Foreign actors are also seeking to influence Ankara’s thinking on Syria. The United States has long sought improved Turkish cooperation against the Islamic State but has struggled to deflect Ankara’s opposition to the Kurds in Syria. An attempted coup against Erdogan on July 15 of this year further strained U.S.-Turkish relations. After resuming its own relations with Ankara, the Russian government has sought to exploit such tensions to pull Turkey away from the anti-Assad camp. Others have the same agenda, and both Algeria and Iran have reportedly sought to mediate between Erdogan and Assad. The Turks have welcomed Russian-Iranian engagement, whether to gain leverage over Washington or to pursue joint interests even in the absence of an agreement on Bashar al-Assad’s future.
“We have repeatedly stated, even in the period of crisis in our relations, that it would be impossible to achieve a lasting resolution in Syria without Russia’s participation. We continue to insist on this,” Foreign Minister Cavusoglu said last week. “The same can be said about Iran, with which we are negotiating at the moment as well and aim to strengthen cooperation in this sphere.”
Indeed, after a meeting in Ankara with his Iranian counterpart Mohammed Javad Zarif, Cavusoglu said the two nations have agreed to “keep closer contact” on the issue of the “territorial integrity of Syria.” Eager to make the most of such understandings and to encourage Turkey to turn away from the Syrian opposition, Ali Akbar Velayati, an influential adviser to Iranian Supreme Leader Ali Khamenei, has even spoken of Iranian-Russian-Turkish cooperation in the struggle against “terrorism” in Syria. Turkish sources told the Saudi press that Iran has helped reestablish some form of contact between Damascus and Ankara, echoing unconfirmed claims made in an Assad-friendly Lebanese newspaper that high-ranking Turkish intelligence officials recently visited Damascus.
Intriguingly, this fast-paced diplomacy has played out against the backdrop of rare clashes between Bashar al-Assad’s government and the Syrian Kurds in the city of Hasakah in eastern Syria. The infighting just ended in a ceasefire on bad terms for the government. While Damascus exploited the affair to send subtle signals to Ankara about the PKK being a threat to them both, the Kurds also blamed Assad for collaborating with Turkey through the good offices of Iran.
Did Manbij Trigger the Intervention?
The Turkish intervention was triggered by, or at least preceded by, a dispute over how far the Kurds should be allowed to advance into the Aleppo region.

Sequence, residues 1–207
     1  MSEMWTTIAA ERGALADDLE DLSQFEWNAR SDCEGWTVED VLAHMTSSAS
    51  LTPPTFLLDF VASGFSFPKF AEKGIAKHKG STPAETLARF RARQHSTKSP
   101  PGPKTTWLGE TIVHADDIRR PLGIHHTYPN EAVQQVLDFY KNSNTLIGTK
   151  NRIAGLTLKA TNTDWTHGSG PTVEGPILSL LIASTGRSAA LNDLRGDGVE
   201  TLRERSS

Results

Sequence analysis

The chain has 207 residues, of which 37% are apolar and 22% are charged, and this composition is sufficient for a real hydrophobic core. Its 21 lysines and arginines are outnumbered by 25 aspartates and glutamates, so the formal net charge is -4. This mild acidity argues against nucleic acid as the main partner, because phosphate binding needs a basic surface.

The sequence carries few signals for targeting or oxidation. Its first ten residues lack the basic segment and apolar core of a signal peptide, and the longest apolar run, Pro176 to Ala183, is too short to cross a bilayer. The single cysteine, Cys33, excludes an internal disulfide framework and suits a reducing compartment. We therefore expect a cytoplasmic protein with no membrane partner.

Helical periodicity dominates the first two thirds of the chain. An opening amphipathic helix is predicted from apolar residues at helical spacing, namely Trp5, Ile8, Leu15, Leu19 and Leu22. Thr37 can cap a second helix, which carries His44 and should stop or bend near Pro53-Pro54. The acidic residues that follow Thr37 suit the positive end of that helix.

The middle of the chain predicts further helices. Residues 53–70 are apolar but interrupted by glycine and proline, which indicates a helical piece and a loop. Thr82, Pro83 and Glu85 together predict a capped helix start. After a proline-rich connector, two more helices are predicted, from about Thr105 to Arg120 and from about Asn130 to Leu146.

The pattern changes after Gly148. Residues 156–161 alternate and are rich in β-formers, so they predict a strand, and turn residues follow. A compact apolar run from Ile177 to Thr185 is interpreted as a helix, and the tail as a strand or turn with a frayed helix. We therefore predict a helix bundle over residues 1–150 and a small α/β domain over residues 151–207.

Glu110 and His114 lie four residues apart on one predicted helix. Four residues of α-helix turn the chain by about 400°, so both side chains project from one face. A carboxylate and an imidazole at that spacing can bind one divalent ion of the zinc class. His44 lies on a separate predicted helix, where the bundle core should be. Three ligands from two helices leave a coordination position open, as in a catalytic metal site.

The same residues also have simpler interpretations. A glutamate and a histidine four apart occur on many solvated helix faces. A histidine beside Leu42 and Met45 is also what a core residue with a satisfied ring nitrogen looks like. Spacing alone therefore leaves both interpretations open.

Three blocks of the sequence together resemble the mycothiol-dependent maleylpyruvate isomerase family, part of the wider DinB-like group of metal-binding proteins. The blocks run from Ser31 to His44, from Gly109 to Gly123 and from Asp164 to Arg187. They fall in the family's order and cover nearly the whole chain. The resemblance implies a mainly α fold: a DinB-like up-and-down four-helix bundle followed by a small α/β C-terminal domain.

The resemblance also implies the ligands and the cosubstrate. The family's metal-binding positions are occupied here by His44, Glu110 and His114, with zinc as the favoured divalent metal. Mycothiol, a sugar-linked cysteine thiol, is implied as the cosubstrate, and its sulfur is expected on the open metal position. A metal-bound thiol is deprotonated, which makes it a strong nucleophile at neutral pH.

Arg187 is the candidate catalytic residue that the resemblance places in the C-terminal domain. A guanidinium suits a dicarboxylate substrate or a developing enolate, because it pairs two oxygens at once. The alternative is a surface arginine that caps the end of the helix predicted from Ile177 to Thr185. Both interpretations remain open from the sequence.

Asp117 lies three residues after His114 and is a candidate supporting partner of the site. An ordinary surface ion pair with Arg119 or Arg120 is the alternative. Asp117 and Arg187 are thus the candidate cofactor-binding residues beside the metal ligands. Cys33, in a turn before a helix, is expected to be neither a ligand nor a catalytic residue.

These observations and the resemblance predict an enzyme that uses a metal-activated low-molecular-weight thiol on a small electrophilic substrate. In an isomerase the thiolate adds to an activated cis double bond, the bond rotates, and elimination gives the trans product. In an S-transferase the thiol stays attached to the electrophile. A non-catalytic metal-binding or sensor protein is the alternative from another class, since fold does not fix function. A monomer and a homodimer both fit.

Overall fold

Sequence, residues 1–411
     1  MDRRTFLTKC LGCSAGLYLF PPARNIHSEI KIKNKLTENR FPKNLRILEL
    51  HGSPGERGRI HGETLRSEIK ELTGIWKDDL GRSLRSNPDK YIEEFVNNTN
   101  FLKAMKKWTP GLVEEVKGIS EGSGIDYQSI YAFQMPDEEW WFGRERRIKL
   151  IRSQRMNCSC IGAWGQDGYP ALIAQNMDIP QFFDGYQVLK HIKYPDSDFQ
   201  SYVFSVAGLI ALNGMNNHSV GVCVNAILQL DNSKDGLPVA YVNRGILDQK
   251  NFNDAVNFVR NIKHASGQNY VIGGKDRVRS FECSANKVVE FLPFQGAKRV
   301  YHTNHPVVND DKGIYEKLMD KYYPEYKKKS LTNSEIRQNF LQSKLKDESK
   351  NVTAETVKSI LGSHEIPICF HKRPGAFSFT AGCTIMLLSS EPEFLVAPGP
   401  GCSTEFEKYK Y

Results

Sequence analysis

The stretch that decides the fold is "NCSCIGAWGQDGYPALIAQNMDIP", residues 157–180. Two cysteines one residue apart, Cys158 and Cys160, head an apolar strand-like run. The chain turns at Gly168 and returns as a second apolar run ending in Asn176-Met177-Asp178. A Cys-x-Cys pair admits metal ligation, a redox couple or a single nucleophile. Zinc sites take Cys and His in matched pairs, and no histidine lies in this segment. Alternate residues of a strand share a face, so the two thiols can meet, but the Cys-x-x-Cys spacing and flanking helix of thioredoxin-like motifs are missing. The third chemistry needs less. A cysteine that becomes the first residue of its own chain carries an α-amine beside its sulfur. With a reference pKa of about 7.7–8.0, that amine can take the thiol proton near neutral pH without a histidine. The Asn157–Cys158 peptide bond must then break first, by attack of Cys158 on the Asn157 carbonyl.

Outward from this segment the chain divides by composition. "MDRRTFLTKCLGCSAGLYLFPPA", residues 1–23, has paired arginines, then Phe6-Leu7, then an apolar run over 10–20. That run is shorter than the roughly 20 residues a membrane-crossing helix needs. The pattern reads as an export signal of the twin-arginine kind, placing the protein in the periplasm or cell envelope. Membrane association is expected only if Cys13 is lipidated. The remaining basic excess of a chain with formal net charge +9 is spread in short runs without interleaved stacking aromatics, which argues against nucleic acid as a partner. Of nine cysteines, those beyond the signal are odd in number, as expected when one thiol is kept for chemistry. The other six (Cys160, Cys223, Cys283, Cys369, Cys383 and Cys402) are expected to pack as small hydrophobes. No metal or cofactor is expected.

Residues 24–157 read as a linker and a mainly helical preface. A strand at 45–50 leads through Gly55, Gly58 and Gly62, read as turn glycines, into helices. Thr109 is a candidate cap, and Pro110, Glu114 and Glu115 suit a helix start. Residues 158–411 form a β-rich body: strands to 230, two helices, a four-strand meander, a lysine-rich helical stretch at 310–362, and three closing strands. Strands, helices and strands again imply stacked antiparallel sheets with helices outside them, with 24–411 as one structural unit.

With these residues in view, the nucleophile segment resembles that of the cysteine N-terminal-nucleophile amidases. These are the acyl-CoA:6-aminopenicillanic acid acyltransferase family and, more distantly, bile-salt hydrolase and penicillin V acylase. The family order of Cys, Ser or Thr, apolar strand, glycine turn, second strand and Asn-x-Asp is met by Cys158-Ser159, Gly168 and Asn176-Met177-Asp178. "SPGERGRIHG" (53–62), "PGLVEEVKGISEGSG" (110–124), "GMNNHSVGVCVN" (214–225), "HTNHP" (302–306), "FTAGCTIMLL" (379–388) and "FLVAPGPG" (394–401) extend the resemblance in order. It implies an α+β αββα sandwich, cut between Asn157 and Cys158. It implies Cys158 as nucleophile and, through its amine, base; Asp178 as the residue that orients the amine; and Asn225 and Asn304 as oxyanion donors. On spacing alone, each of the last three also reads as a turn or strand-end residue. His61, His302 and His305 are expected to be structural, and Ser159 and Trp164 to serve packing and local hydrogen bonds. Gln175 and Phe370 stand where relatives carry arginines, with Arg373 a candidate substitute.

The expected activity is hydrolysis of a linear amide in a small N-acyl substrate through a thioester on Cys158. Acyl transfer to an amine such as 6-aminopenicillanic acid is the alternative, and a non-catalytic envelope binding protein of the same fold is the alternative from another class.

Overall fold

In its efforts to placate Turkey, the United States reportedly agreed last year that it would prevent the Syrian Democratic Forces from moving across the Euphrates river into the Aleppo region, where Jarabulous is located. That would be a red line guaranteed by the United States, in return for Turkey’s cooperation on the Islamic State issue.
Last December, however, the Syrian Democratic Forces did just that, seizing a small pocket of territory west of the October Dam. Ankara made some threatening noises, but at least outwardly appeared to accept U.S. claims that the operation had relied on non-Kurdish components of the Syrian Democratic Forces and that the Pentagon would restrain the Kurds from advancing further. Then, in May, the October Dam pocket suddenly ballooned westward as the Syrian Democratic Forces engulfed the Islamic State’s regional center in Manbij. After a two-month siege, the city fell in mid-August. Both Turks and Americans then stated that the Kurdish members of the Syrian Democratic Forces had promised to withdraw after the battle and would leave the city under the control of the smaller and mostly Arab non-PKK factions. “We expect them to keep their word,” Foreign Minister Cavusoglu said on August 15.
Syrian Kurdish leaders instead decided to celebrate the fall of Manbij by making a series of bold statements about going on to seize the surrounding region, Turkish red lines be damned. According to Turkish claims, some units from the Syrian Democratic Forces also made a northward push toward Jarabulous and the border region, and according to U.S. officials, this is what triggered the Turkish intervention. “The Turks got nervous,” a senior U.S. government official told the Washington Post. To prevent the PKK-aligned Kurdish factions of the Syrian Democratic Forces from “making a jailbreak for the border,” Ankara decided in favor of a preemptive strike on Jarabulous before their Kurdish enemies could get there or secure their hold on the wider region. Indeed, in defending the Turkish intervention, Cavusoglu referred directly to the U.S.-Turkish-Kurdish agreement over Manbij, which he accused the Syrian Kurds of having now violated.
The Diplomatic Game: Who Is In and Who Is Out?